The Vancouver International Playhouse Wine Festival, which ended Sunday, proved to be a big coming out party for the BC wine industry. For the first time ever, our humble region was treated with the respect it has earned, deservedly, after two decades of development. When the festival began 31 years ago, no BC wines were poured and it took many years of lobbying for wineries like Sumac Ridge to be admitted. Last week, 56 BC wineries strutted their stuff for wine geeks and they seemed to get a whole ‘lotta love from the crowds. To rip off an old cigarette ad, you’ve come a long way, BC.
Self-accolades raged through almost every seminar. “Vancouverites are the most sophisticated drinkers on the planet, things grow differently here, we’ve got varietal diversity and real terroir, and how about that Pan Asian cuisine,” became mantras that rolled off the lips of seminar moderators like wine drool. Hearing it while tasting the goods is enough to give even the most cynical bloggers reason to believe: BC wine has indeed arrived.
Not only that, some BC producers have reached the point where they have excess wine to sell and are ready to ship it south. That fact was confirmed to me by several winemakers as well as Janet Doronzynski of Foreign Affairs and International Trade Canada, who said the Export Initiative announced on February 26 is moving forward, starting in Chicago. Not because of Obama, but because Chicago is more amenable and less competitive than cities like New York and Los Angeles. But, to put the export issue into perspective, BC makes 1.5 million cases of wine, and that is roughly equal to Yellow Tail’s production of Pinot Grigio. So, don’t expect a flood, America.
Among the wines that stood out for me were from Peller Estates, probably the most dramatically improved winery in the Okanagan. The Private Reserve Riesling Icewine was sublime with thick, juicy dollops of apricot jam, hazelnut, and butterscotch. But ok, that’s icewine. Easy to love. Especially when tasting it blind like this panel did. What really got me was the Peller 2008 Family Series Pinot Blanc. It’s aromatic, with sweet apple and citrus notes and lively acidity, an astounding value at $13. Winemaker Stephanie Leinemann (blindfolded here) is doing such an remarkable job, I will never diss another Peller wine again.
The Herder Josephine tasted so amazing with its Bordeaux-like complexity and rich mouthfeel, it makes you realize how the Similkameen Valley has risen in quality and is now nipping the toes of the Okanagan.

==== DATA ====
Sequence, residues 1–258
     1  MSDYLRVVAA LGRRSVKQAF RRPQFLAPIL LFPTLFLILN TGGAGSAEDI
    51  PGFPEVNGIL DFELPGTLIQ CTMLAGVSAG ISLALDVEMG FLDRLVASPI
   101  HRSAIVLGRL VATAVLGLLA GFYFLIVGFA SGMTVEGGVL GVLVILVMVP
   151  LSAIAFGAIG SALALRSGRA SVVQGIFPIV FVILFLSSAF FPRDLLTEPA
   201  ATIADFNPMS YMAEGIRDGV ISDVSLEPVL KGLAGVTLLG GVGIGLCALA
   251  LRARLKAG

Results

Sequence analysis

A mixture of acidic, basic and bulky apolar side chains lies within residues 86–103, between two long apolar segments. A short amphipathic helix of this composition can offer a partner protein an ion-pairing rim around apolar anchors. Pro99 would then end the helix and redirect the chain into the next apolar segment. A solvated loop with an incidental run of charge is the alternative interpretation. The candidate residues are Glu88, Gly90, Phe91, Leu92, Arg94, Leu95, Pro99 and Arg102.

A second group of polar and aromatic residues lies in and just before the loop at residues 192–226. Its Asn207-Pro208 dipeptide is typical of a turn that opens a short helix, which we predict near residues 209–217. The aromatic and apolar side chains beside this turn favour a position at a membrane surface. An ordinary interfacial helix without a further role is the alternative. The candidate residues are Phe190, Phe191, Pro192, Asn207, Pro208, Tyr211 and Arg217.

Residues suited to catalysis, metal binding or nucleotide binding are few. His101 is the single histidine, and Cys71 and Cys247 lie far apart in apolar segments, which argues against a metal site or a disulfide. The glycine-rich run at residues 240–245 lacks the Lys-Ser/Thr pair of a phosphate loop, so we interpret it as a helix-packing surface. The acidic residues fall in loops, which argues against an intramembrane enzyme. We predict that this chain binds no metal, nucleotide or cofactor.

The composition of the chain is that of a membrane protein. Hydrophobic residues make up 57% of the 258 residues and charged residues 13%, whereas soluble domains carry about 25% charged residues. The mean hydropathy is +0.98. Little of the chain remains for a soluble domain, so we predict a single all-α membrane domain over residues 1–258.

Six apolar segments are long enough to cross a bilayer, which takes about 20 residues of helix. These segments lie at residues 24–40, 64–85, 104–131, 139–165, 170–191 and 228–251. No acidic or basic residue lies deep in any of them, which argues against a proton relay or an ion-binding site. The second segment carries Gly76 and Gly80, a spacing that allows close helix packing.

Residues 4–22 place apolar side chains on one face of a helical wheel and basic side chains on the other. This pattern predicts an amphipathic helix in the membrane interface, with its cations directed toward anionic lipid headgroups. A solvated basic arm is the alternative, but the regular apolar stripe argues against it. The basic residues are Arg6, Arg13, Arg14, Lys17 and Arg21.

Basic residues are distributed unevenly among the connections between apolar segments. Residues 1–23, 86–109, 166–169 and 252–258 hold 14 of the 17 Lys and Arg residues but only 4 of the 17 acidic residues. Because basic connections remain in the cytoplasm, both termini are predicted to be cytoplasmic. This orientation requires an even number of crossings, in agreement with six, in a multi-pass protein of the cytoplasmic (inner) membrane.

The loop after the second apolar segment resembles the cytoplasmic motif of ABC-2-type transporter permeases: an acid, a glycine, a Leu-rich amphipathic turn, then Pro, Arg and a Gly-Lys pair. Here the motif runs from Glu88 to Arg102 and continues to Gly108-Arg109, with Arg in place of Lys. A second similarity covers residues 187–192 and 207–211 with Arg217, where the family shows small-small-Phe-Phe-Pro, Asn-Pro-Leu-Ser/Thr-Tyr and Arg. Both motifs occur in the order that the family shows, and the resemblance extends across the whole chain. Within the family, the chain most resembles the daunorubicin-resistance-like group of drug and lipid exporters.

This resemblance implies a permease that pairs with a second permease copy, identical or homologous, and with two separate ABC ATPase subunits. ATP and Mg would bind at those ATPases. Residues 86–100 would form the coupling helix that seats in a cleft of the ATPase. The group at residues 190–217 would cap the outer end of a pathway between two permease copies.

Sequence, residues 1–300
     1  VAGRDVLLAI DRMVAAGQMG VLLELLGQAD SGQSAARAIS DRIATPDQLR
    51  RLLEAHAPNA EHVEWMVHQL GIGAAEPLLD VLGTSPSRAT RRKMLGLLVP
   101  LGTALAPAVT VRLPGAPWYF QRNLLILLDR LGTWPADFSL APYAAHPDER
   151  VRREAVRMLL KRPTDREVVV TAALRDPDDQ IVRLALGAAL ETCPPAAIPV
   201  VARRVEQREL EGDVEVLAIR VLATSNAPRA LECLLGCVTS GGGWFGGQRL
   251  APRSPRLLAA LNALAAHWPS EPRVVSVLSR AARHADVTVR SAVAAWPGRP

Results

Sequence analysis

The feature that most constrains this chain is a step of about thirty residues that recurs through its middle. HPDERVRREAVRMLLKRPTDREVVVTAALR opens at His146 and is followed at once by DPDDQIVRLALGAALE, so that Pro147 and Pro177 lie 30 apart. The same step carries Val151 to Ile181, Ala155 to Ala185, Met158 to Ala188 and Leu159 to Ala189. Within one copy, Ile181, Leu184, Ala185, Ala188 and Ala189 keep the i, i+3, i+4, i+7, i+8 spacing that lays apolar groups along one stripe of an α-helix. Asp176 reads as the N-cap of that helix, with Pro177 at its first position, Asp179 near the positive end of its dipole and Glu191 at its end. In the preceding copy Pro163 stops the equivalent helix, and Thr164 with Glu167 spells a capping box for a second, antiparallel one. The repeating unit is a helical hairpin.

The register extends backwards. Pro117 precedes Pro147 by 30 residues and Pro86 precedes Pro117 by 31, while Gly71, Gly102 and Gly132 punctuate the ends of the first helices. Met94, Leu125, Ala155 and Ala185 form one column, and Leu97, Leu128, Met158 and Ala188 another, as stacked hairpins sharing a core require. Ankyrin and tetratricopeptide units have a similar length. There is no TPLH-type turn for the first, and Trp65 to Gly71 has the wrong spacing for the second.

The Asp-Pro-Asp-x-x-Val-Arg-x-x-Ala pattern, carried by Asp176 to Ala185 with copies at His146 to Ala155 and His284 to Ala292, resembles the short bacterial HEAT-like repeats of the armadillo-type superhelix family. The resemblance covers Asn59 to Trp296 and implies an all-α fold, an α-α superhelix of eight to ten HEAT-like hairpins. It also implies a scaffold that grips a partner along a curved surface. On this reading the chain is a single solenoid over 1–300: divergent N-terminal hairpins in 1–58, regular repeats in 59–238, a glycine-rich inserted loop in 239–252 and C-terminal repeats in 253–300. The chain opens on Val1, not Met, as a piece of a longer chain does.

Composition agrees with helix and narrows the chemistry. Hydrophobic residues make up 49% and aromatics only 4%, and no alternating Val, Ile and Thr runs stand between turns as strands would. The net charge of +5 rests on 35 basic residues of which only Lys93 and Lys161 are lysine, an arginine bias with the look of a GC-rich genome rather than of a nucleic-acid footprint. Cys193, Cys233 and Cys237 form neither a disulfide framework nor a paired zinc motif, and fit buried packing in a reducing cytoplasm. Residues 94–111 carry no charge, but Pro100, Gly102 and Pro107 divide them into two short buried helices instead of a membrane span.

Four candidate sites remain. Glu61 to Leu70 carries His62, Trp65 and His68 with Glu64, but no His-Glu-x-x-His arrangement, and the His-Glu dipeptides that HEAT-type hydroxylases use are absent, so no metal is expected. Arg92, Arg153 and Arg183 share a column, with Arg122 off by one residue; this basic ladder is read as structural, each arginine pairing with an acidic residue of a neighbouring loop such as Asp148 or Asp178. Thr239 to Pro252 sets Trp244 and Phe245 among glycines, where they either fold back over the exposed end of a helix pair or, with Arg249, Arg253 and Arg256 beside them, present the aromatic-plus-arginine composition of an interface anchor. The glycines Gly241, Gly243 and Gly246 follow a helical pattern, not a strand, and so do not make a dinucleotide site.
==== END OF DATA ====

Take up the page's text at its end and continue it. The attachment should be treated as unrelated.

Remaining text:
Syrah is not exactly an Okanagan specialty, but Road 13’s Syrah has that big body, smooth mouthfeel and rich plums and berries you expect from a good Rhone red, and are made from grapes winemaker Mike Bartier admitted were grown in a nuclear hot area under freakish circumstances. Freakish or not, it works.
Paul and Julie from Pentage were not pouring their Cab Franc, which I love, but their Pentage Blend was tasting might fine with it’s smooth delivery of black cherry and berries, ringed by notes of coffee and caramel. They told me their new winery – built in a hollowed boulder – will be up and running by the Fall harvest, in time for assistant winemaker Adam Pearce to take charge of his second vintage. That should give Paul more time to build something else.
So many great wines, so little time to write about them: There was the vibrant lemon, lime Rieslings from 8th Generation and Tantalus, the fresh, clean Blue Mountain Brut, the lush and spicy See Ya Later Ranch Gewürztraminer, Stoneboat’s peachy Pinot Gris, Road 13’s unreleased Sparking Chenin Blanc, and the intensely aromatic Noble Blend from Joiefarm are proof that the Okanagan’s cool climate produces Alsatian wines as piquant and minerally as, well, Alsace.
The Okanagan’s red wines should take the prize for most improved styles. Among the affordable ones I tried, Sandhill’s One, Laughing Stock’s Portfolio, the Quail’s Gate Stewart Family Reserve Pinot Noir, the Burrowing Owl Merlot, and the Fairview Cab Franc all tasted rich and chewy with the forward fruit you get from California wines.
But that’s enough about my response. I would love to know what you think about BC wines. Are they indeed world class? Can they compete against counterparts in Germany, France, California and Chile? Or are they still stuck on the up ramp of a long learning curve? Tell me.
After all this wine, I’m ready for a beer.